“And Here’s How I Sold That BIG CASE” – Part 2
Top Producers Share the Secrets Behind Their Hard Won Cases
THE LORE OF THE INSURANCE business is strewn with tales about big insurance cases that fizzled. But some professionals have a far more compelling story to tell: how they landed a really big case despite client uncertainty, complex needs and wants, and very long timelines. Following are examples from advisors who have successfully landed big cases in life insurance, annuities or estate planning. These stories are rich with detail about working with high-net-worth clientele. They show clients who don’t want to plan, others who object and quibble, and still others who don’t want to spend a dime, not even on themselves. They showcase advisors who overcame hurdles with patience, perseverance and sensitivity to each client’s unique circumstances, needs and emotions. The strategies vary from case to case, but most share a few common threads. The big case experts work with, and through, other professionals in the community who serve high-net-worth clients; listen to what the client wants and what the client’s other advisors are saying and then address the underlying need; don’t pander to the clients; do educate the clients; and work on the case for a long time, sometimes as long as a year or more. Each advisor agrees that big cases are complex. It is their job to pull the pieces together into an orderly and effective solution.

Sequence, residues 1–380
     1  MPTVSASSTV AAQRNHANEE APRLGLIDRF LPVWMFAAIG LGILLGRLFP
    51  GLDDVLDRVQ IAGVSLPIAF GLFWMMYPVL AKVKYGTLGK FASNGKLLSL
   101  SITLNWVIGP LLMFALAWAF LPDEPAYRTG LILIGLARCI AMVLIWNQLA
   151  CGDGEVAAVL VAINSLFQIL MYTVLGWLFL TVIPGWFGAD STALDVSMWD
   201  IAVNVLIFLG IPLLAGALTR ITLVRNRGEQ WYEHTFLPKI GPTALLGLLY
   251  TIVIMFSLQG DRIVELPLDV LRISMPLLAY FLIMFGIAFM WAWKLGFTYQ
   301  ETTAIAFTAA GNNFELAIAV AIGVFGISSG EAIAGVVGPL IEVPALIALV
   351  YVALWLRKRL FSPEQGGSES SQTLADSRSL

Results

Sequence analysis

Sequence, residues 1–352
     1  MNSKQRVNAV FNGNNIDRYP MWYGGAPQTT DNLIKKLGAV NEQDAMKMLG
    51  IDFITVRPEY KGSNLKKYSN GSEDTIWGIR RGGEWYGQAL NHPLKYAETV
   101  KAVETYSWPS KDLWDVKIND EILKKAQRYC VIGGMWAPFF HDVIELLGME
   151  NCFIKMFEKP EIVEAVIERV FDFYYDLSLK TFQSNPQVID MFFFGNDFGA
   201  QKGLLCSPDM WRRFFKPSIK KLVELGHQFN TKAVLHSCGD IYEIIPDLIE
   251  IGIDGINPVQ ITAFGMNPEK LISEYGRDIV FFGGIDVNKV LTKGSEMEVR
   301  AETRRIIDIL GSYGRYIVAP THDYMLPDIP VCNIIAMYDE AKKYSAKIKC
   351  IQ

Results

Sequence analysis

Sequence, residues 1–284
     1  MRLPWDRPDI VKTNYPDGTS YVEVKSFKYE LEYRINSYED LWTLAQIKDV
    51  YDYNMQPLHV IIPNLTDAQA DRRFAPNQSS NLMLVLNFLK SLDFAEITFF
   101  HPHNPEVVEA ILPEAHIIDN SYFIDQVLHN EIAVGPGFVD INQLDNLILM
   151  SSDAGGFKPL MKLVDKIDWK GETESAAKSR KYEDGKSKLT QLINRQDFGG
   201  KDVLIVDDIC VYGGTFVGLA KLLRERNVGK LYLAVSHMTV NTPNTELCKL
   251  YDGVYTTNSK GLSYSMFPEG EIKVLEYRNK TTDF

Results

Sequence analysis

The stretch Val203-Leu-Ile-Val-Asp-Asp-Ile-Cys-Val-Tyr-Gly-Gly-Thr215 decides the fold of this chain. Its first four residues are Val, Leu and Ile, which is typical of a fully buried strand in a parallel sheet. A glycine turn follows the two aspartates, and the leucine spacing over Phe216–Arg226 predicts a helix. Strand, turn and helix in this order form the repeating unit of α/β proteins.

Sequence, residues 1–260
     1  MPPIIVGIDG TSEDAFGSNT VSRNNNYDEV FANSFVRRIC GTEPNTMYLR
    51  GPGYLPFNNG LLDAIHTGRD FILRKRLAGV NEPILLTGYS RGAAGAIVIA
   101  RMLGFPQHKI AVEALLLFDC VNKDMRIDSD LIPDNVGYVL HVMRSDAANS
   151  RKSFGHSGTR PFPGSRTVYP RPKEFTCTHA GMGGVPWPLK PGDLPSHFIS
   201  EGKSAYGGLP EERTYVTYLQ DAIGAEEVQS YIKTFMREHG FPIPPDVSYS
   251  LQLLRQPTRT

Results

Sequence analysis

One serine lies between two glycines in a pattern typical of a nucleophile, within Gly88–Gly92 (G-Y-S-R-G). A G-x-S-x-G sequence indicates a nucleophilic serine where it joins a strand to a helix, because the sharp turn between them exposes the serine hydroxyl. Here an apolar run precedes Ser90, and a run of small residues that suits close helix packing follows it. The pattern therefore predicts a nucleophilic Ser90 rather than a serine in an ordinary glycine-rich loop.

Sometimes a big case starts out with rejection. But with patience, consulting with the client’s advisors and creative solutions, the “no” turns into “yes.” That’s what happened to Marc Silverman. As the president of Silverman Financial and a 26-year MDRT member, Marc recalls that his first encounter with the ex-wife of a famous sports figure was less than positive. The woman had a $7.2 million variable annuity (VA) with a death benefit valued at roughly $12.2 million at the time. Her investment banker believed the VA might not be in the woman’s best interests, so he asked Silverman to see her. The banker is in Silverman’s professional network, so Silverman decided to take the referral. “I could see that she didn’t need the annuity,” he recalls. She would have been better off surrendering it and placing the funds—after deductions for taxes and income in respect of a decedent (IRD)— with the investment bank. The woman didn’t want to do that, however. Silverman explained, “She wanted to keep the annuity because she wanted the $12.2 million death benefit to be available to pay for care for her son—who was in a wheelchair—in the event of her death.” The initial no was not the end of the story, however. Over the next several months, Silverman says he developed a plan that would meet her need more effectively. First, he showed his client that the actual funds available to heirs would amount to only $5.1 million, not the $12.2 million she was anticipating, if she were to die right then. The lower amount would result from deductions from policy proceeds for taxes and IRD. Next, he showed the woman that if the VA death benefit grew at 6 percent a year and, she were to die at the end of her natural life expectancy in 18.6 years, the heirs would get only $8.1 million from the VA, even though the death benefit would have risen to roughly $21.3 million by that time. Again, deductions for taxes and IRD would have taken the rest. Then, he proposed an idea: “If you drop the $7.2 million VA today, you will receive $6.4 million after taxes. You can take that to your investment bank to invest in tax-free bonds for you. Assuming the bonds earn at least 5 percent on the $6.4 million, you will have $320,000 a year. After gifting the premium to your son to purchase insurance (that will be out of your estate) and after deducting a gift tax of 30 percent a year, the amount you’d have left would be $234,000 a year.” He proposed using the $234,000 a year to buy a guaranteed universal life policy on the woman that had a $14 million face amount. The woman still resisted but asked her CPA to look the proposal over at a meeting among the three of them. By coincidence, the CPA was a friend of Silverman’s. Even so, it looked as if the deal would not go through. “Then, just before leaving, I did a Columbo,” Silverman says. “I said, ‘By the way, you might want to look this over.’” He handed the CPA one sheet of paper that outlined the plan in simple terms. “The CPA was convinced, and he sold her on it,” says Silverman. After seven months, the case was closed. Lessons learned? “People must know you, like you and trust you, or there is no sale,” says Silverman. “It may take six or seven months or maybe even a year. But be patient. Remember, the cases are complex, and the clients are going to spend a lot of money, so they need time.” Also, cases move faster if you get the client’s advisors involved as soon as possible, Silverman says. Finally, “network yourself very well in places like charitable organizations and country clubs,” he says. “Your network is a source of good referrals.”